I have been carrying a Spyderco Endura 4 with the Emerson Wave for about 3 years now. It is still going strong, but I thought it was time to give another knife a try. I have grown quite fond of the Emerson Wave feature on my Spyderco and I have literally wanted to own an Emerson ever since I have been old enough to buy my own knives, so an actual Emerson knife seemed like the logical choice.
There is no more iconic “tactical folder” than the Emerson CQC-7. The CQC-7 and the Emerson Commander practically gave us the term “tactical folder”. Typically, I hate even uttering the word “tactical” since it is so overused but I suppose it fits in the case of the CQC-7. So, given the iconic nature of the CQC-7, I decided that if I was going to try an Emerson, it should be one that really represents what Ernest Emerson is all about, it should be a CQC-7.
I began search high and low for a plain edge Emerson CQC-7 and the search was proving quite difficult until I came across Extreme Outfitters. Not only did they have plain edge CQC-7s in stock at a reasonable price, but they also had a model that is made exclusively for them by Emerson… the SOCFK.
From Extreme Outfitters:
This knife was developed to address the requirements of individuals who worked in situations where grip may be compromised such as cold, wet environments. The SOCFK is widely used by waterborne teams in the Navy, Marines, and Army.
This hybrid knife is the result of crossing the world standard CQC-7 and the hardcore SPECWAR knife. This crossbred knife is a direct result of specific requests by operators who wanted the proven characteristics of the CQC-7 blade, the size and handle ergonomics of the SPECWAR knife and the wave opening (remote pocket opener) of the Commander knife. It is the first knife outside of the Commander series to employ the wave-opening feature. Basically, this knife was designed by operators, built for operators and used by operators. This knife has all the characteristics needed to put it into the world’s elite class of knives. Knives that meet and exceed the unique demands of the elite special forces units of the U.S. Navy, Army, and Marine Corps.
The SOCFK had the blade I wanted with the more contoured “SPECWAR” handle (from Emerson’s earlier SPECWAR model). I was sold. I added it to my cart, paid, and waited. Extreme Outfitters shipped it very quickly (you can’t beat FREE Priority Mail shipping!) and had it to me in just 3 business days. It went immediately into my pocket (after snapping some pics while it was still pristine).
I have now been carrying the SOCFK for several days. I am happy to report that it cuts things. That may sound ridiculous but it may come as a surprise to some people who listen to the pontifications of some individuals on internet forums who talk about how useless chisel ground edges and “American” tanto shaped blade are. This seems to be a rumor that is repeated often enough that it has become truth that people except with out any actual personal experience.
The chisel ground edge is just another way to make something sharp (and this knife is VERY sharp). It cuts and cuts well. It may have a tendency to draw the cut to one side or the other but this can be controlled. It has advantages and disadvantages just like any other type of grind (convex, flat, saber, hollow, etc, etc, etc). If you listen to some you would think that a chisel ground knife was useless. That couldn’t be further from the truth.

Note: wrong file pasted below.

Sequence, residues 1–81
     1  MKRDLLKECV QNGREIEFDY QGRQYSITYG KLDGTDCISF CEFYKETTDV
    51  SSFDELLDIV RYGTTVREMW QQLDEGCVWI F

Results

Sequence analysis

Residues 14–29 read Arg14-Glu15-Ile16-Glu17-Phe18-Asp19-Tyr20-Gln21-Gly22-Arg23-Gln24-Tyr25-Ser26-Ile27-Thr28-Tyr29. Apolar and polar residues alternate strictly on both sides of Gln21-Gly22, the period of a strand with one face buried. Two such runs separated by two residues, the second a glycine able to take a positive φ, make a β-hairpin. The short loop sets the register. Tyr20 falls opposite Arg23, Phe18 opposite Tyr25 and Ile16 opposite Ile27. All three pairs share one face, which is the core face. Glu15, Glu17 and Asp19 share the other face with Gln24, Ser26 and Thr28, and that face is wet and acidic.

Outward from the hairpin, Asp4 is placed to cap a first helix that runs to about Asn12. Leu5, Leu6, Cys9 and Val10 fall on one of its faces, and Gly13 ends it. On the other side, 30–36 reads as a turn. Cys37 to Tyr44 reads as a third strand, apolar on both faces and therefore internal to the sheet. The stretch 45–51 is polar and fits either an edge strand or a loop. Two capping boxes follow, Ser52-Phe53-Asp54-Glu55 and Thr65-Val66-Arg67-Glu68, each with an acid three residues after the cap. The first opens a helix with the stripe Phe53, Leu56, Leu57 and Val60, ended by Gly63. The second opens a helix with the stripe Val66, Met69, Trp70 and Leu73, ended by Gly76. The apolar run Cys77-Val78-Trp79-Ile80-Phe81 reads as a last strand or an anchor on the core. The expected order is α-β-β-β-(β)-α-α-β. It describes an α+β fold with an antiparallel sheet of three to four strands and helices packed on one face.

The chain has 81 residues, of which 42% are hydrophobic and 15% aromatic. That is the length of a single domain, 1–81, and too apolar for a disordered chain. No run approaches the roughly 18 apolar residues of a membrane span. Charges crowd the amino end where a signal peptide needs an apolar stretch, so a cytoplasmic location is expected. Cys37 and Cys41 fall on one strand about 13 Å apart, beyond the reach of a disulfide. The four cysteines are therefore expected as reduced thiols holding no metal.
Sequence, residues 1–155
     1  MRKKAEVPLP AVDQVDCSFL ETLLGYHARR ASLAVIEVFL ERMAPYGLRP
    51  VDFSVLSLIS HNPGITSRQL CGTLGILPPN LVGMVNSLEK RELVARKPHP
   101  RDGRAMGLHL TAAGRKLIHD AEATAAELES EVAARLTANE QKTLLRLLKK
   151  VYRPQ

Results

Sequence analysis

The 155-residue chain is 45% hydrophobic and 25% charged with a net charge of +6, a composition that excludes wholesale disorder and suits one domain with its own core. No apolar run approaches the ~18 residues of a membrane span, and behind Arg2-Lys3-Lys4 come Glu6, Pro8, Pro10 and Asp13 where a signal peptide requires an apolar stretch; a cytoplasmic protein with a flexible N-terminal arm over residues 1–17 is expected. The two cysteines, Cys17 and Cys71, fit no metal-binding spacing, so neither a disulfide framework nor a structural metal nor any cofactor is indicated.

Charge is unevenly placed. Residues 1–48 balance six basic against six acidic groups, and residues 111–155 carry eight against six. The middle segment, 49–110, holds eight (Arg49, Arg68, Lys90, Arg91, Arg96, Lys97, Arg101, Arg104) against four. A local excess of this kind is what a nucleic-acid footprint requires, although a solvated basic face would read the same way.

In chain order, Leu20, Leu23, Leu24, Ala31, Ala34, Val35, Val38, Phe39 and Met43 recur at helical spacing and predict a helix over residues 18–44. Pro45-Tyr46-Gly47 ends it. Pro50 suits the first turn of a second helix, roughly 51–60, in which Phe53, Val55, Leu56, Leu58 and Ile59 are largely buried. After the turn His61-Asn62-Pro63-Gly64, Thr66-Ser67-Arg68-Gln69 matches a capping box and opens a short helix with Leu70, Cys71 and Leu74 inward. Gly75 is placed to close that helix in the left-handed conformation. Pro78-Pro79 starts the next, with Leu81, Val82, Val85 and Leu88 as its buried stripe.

The angular “American” tanto shape that Ernest Emerson made such an icon is actually very useful. It has a long section of useful straight edge like a sheepsfoot or wharnecliffe style blade. It also has a very fine (but still strong) point which is one of the most useful features of any knife. It also has a leading edge which can be useful for scraping and other cutting tasks. In my opinion, it is a very useful blade shape.
The handle on the SOCFK is an ergonomic wonder. It has many contours which often means the knife will be comfortable in only one grip (usually hammer grip). But surprisingly, the SOCFK is comfortable in ALL grips. I am not sure how Ernie did it but this handle shape is magic.
The lock up on my SOCFK is typical Emerson. Many people talk poorly of liner locks. Often their opinions are based on cheap liner lock knives that do have poorly constructed locks. The lock on this SOCFK locks up like a bank vault. The titanium liner is very thick. It also locks up very early (meaning it locks up on the near side of the tang) which is a good thing. Early lock up means that it will take a long time before the lock wears out. I also like how well the handle slabs protect the liner lock on this particular knife design. This reduces the danger of accidentally disengaging the liner lock when “white knuckling” the SOCFK. This knife is the blueprint for the way that liner locks should be made.
The handle features nicely shaped and aggressively textured G-10 slabs. The texture coupled with the handle contours make this knife very easy to retain even with wet/muddy/bloody/snotty/oily hands. The blade features a very evenly applied and attractive black coating. All of the screws used by Emerson are either slotted or Phillips head so you don’t need special tools to work on them. That is a nice touch.
Emerson Knives are still made right here in the USA and backed by some of the nicest people you’ll meet in the knife industry. The warranty and customer service are excellent.
This is a lot off knife for the money. If you are shopping for a new folding knife for everyday carry, duty use, or even collecting, the SOCFK could be the knife for you.
Details From Extreme Outfitters
Black G-10 epoxy / glass laminate
Aerospace grade Titanium
Black – T™ or Satin Finish
“B” Blade – Chisel ground Tanto style
“A” Blade – Conventional V ground spearpoint